2012 Chevrolet Cruze Eco Sedan (1.4L 4-cyl. Turbo w/opt 6-speed Automatic)
Driven On 5/15/2012
The Chevrolet Cruze is a solid performer, albeit a nicely styled one at that. It's comfortable, fairly quiet and handles well. The interior isn't as nice as some competitors, but the price is right. Just go easy with the throttle or your fuel mileage will suffer.
PerformanceThe Cruze Eco is certainly not intended as a performance machine, but because the regular Cruze is at the top of the compact segment, the Eco is competent as well. Acceleration is only about average, but handling is a strong suit.
Acceleration from the turbocharged four-cylinder is on the higher side of average at 9.2 seconds to 60 mph. The automatic transmission can be resistant to downshifting.
Despite its Eco-intended low-rolling-resistance tires, the Cruze still exhibited reasonable panic stopping distances, and the pedal has a firm, confidence-inspiring feel.
Good steering. Has a natural and responsive feel to it. Surprisingly sprightly turn-in for a car with less-than-spectacular tires.
Even with its mpg-intended tires, the Eco showed similar agility to the LTZ model. It's that final bit of grip that's missing, but a 66.4-mph slalom run is still respectable.
The Cruze's daily drivability is hurt by the engine's turbo lag and lack of power below 3,000 rpm, along with the aforementioned automatic's poor performance.
ComfortWithin its class, the Cruze ranks as one of the more comfortable cars, with the Ford Focus being the notable leader. The Cruze is quiet, has fairly plush seats and the little turbo-four is hardly thrashy.
Front seats are wide and supportive and offer plenty of comfort. Rear seat also is decent for the segment.
Despite its good handling, the Cruze is a relaxed and comfortable car in normal driving, soaking up rough road surfaces almost as well as the majority of full-size sedans.
The Cruze is exceptionally quiet for a compact car. It's clear GM paid considerable attention to sound-deadening materials. Minimal wind and road noise.
InteriorThe Cruze's interior is a significant step up from the Cobalt it replaced. There's still too many hard-touch surfaces, but it should be remembered this is an economy car--especially so the Eco version. In general, it's very livable.
The Cruze features knobs where there should be knobs (HVAC, stereo volume) and liberal usage of large, well-labeled buttons for everything else.
Ingress/egress is easy in the Cruze, especially the front seats (a little less so in the rear seat).
Drivers and passengers with wide shoulders will find little place to put their arms, as the door panels encroach into the seat space more than other cars in the class.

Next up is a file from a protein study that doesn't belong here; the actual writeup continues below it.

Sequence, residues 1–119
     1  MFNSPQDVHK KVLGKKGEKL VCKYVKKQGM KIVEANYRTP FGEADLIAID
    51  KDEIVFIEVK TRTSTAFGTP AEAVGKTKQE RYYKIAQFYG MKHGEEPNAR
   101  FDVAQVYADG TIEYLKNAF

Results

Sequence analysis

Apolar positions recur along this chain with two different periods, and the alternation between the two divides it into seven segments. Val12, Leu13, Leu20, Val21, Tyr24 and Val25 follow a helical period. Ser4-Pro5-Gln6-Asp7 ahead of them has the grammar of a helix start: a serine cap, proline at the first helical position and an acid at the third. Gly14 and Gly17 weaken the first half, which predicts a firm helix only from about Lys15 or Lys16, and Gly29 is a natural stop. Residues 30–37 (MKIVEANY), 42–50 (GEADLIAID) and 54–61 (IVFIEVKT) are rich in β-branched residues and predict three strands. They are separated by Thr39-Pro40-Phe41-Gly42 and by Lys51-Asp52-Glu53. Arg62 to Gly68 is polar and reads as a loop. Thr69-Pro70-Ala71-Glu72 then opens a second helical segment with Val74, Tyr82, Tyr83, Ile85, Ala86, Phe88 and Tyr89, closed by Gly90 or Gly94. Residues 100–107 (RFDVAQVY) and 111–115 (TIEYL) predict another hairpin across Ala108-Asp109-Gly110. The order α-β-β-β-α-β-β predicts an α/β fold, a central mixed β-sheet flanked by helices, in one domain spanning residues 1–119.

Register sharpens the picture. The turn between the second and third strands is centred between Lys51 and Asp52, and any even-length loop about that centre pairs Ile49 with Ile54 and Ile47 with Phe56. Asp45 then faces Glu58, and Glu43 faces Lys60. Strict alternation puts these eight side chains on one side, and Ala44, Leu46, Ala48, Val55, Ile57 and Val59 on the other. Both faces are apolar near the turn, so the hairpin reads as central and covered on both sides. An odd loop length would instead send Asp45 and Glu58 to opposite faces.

Rear outward vision is a problem in the Cruze, admittedly as it is in the majority of cars these days, what with wide B- and C-pillars restricting view and causing blind spots.
The Cruze has a decent-size trunk along with a 60/40-split rear seat that folds nearly flat. Door pockets, center console and cupholders are all on the small size.
ValueThe Cruze offers a lot of features for its price point, similar to the Hyundai Elantra, better than the Ford Focus. But the Focus and Elantra have higher-quality interiors. The Cruze's real-world mileage doesn't live up to its EPA rating.
Build Quality (vs. $)
We're giving the Cruze Eco high marks here. Not because its quality is so good (it's only fair), but because its price is so reasonable.
Bluetooth, USB and aux-in jacks, cruise control, satellite radio and floor mats all come standard at the Eco's $19,245 base price. But the automatic transmission costs $995.
The Cruze, whether Eco model or otherwise, offers quite a bit of stylish car for the money, with plenty of handy standard features.
The Cruze Eco is rated at 26 city/39 highway/31 mpg combined. We averaged 24.8 mpg in varied driving. The problem with turbos is that a heavy right foot hurts mileage greatly.
The Cruze's 3 years/36,000 miles basic warranty and 5 year/100,000 mile drivetrain coverage are about equal to the Ford Focus, but well below that of the rival Hyundai Elantra.
The Cruze has roadside assistance 5 years/100,000 miles. This is slightly better than the Ford Focus, which is only covered to 60,000 miles. The Cruze does not have free scheduled maintenance.
Fun To DriveIf you're not expecting much in terms of driving dynamics from your economy car, you'll be pleasantly surprised by the Cruze Eco. Between its turbo four-cylinder and lively handling manners, the car is, dare we say, a bit fun to drive.
Overall the Cruze, even the Eco version, is a pretty decent-driving machine for an economy compact. We especially like the sporty handling manners.
How much personality are you expecting here from a car with an automatic transmission? But, shocker, the auto blips the throttle on manual downshifts. Cool.